Study Guide Questions, focusing primarily on the Schitsu'umsh - Coeur d'Alene and the Niimíipuu - Nez Perce.   Additional questions could be added. 

For the first In-the-Round:  

  1. How would you characterize the particular approach/methodology taken in this course and articulated in Landscape Traveled by Coyote and Crane (2001) and in the Carry Forth the Stories (2017) in pursuit of the goal of understanding and appreciating Plateau Indians? What are the key elements and components of "Huckleberrying and Tin Shedding," for researching (gathering information as well as interpreting it), for teaching, and for writing?  What are some of the implications for the student-participant in pursuit of this goals? Consider advantages and disadvantages of this approach.
  2. Identify the approximate aboriginal territory of the Coeur d'Alene and the Nez Perce.  Identify the traditional locations of ten (10) Plateau Peoples, along with their linguistic affiliations and key geographic associations (nearby rivers, mountains, etc.).  Be able to draw a map of the Plateau from scratch.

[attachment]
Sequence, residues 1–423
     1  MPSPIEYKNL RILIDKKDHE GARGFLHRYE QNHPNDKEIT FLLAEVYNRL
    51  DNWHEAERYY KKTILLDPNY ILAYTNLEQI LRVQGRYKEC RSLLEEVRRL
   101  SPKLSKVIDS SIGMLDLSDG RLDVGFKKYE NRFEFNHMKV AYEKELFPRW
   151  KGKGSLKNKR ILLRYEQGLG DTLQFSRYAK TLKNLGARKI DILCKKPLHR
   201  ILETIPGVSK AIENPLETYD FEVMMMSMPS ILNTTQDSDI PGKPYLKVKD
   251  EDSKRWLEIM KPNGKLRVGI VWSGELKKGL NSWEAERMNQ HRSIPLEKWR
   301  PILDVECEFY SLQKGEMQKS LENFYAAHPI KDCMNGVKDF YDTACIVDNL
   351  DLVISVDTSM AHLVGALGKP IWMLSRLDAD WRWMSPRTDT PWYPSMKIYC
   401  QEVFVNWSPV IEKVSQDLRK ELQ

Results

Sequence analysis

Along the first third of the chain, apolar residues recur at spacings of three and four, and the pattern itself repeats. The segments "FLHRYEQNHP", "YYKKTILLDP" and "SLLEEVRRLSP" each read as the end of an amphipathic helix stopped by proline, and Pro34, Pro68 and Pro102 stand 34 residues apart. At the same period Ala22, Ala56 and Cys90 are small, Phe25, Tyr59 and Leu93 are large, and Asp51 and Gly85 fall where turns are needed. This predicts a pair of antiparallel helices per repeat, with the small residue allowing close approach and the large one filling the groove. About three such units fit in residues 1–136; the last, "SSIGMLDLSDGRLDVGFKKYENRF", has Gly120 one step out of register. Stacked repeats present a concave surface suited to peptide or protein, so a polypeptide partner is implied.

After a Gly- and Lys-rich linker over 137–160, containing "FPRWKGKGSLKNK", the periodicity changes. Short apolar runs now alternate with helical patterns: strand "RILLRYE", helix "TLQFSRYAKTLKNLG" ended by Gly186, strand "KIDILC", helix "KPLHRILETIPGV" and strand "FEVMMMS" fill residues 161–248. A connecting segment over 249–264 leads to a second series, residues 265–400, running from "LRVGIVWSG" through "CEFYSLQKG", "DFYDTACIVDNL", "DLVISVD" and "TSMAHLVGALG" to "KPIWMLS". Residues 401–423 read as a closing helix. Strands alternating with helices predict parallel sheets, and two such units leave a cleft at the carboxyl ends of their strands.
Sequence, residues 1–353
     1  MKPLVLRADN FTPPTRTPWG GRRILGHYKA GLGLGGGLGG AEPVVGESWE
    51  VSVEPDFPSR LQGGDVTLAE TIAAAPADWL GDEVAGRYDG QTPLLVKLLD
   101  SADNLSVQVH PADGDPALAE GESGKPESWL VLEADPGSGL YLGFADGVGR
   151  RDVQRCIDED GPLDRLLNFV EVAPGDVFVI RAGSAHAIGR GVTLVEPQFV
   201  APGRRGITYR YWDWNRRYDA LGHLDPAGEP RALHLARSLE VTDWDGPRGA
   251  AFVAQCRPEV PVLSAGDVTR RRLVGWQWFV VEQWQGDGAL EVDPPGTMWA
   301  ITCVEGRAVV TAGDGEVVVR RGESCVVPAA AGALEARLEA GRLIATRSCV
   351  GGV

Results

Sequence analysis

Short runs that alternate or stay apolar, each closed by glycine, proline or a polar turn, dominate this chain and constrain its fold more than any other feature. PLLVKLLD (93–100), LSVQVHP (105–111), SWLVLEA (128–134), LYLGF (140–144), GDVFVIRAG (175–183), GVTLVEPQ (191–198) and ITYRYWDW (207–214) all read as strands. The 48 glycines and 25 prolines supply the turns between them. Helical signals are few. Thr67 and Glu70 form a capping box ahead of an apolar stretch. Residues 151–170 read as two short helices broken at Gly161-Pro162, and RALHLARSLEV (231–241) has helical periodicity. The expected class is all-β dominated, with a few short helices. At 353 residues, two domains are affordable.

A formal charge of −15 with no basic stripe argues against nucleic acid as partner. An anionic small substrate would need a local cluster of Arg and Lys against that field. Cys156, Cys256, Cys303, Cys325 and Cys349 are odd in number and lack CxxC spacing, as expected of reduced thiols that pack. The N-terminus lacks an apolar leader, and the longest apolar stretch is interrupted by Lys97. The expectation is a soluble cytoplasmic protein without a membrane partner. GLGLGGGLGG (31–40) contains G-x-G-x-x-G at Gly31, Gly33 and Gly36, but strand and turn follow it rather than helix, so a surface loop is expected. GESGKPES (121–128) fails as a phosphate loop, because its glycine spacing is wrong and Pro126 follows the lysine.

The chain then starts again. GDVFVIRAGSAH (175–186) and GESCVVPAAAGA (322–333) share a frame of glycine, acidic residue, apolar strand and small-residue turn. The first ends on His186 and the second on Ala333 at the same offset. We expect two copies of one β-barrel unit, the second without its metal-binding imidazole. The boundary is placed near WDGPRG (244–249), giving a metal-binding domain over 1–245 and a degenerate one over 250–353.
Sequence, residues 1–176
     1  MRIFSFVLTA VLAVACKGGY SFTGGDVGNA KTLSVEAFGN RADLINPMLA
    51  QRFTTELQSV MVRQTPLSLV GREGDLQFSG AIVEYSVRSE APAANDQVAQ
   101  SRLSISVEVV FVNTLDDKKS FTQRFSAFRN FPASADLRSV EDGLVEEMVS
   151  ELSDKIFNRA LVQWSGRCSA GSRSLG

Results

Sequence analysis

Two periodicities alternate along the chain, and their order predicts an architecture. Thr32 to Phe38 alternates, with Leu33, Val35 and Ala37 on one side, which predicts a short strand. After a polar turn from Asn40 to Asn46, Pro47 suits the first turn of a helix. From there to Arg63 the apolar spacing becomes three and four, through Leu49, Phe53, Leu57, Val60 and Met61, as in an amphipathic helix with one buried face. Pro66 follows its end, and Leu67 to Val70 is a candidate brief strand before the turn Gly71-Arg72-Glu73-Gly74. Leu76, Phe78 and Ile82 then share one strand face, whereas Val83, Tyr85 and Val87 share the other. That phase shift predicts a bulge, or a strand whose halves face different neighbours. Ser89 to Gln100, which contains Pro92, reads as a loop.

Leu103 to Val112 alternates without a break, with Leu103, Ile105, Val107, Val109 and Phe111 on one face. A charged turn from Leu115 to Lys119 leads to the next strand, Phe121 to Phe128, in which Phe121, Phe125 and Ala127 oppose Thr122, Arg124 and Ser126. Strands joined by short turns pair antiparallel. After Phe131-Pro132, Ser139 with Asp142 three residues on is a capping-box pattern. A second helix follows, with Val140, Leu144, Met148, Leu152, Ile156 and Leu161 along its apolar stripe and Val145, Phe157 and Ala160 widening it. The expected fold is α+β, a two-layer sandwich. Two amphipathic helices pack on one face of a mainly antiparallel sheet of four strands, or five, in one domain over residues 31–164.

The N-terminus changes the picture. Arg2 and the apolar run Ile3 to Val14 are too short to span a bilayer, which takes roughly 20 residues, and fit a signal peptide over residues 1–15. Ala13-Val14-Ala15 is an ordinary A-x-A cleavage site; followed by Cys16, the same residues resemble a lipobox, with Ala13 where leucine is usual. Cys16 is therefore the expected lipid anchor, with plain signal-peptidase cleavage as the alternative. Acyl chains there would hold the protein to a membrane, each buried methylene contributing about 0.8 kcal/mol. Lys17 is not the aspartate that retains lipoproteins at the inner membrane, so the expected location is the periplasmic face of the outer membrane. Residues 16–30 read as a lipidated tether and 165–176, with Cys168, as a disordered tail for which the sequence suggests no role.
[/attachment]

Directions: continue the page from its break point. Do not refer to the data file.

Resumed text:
3. Overview of Tribal Sovereignty: Plenary Powers vs. Self-Determination - Define Tribal sovereignty, and in what ways is it compromised by the United States government?
  4. How was intertribal conflict often resolved prior to European contact?
  5. Outline the traditional seasonal-round of the Coeur d'Alene, Nez Perce and mid-Columbia Peoples.
  6. What were fishing techniques and technologies were used by the Nez Perce and mid-Columbia Peoples?
  7. What was the nature of pre-contact Coeur d'Alene social organization (the band) and political power (the chief)?
  8. What role did the shaman play in pre-contact Coeur d'Alene society?
  9. Identify and discuss the prevailing Euro-American cultural values of the contact era.
  10. Identify and discuss the types and forms of contact pluralism and assimilation.
  11. Discuss "traditionalism," and provide examples.
  12. Develop an outline identifying how each of the following Euro-American influences effected Coeur d'Alene and Nez Perce cultures: the horse, diseases such as smallpox, the fur trade, the Jesuits and Presbyterians , military engagement with the United States, Treaties, Executive Orders and the Allotment Act, and mining.
  13. Discuss smallpox and other infection diseases - what were the effects of these epidemics on Indian society?
  14. Discuss Lewis and Clark, and the Fur Trader - what were the consequences of this early contact?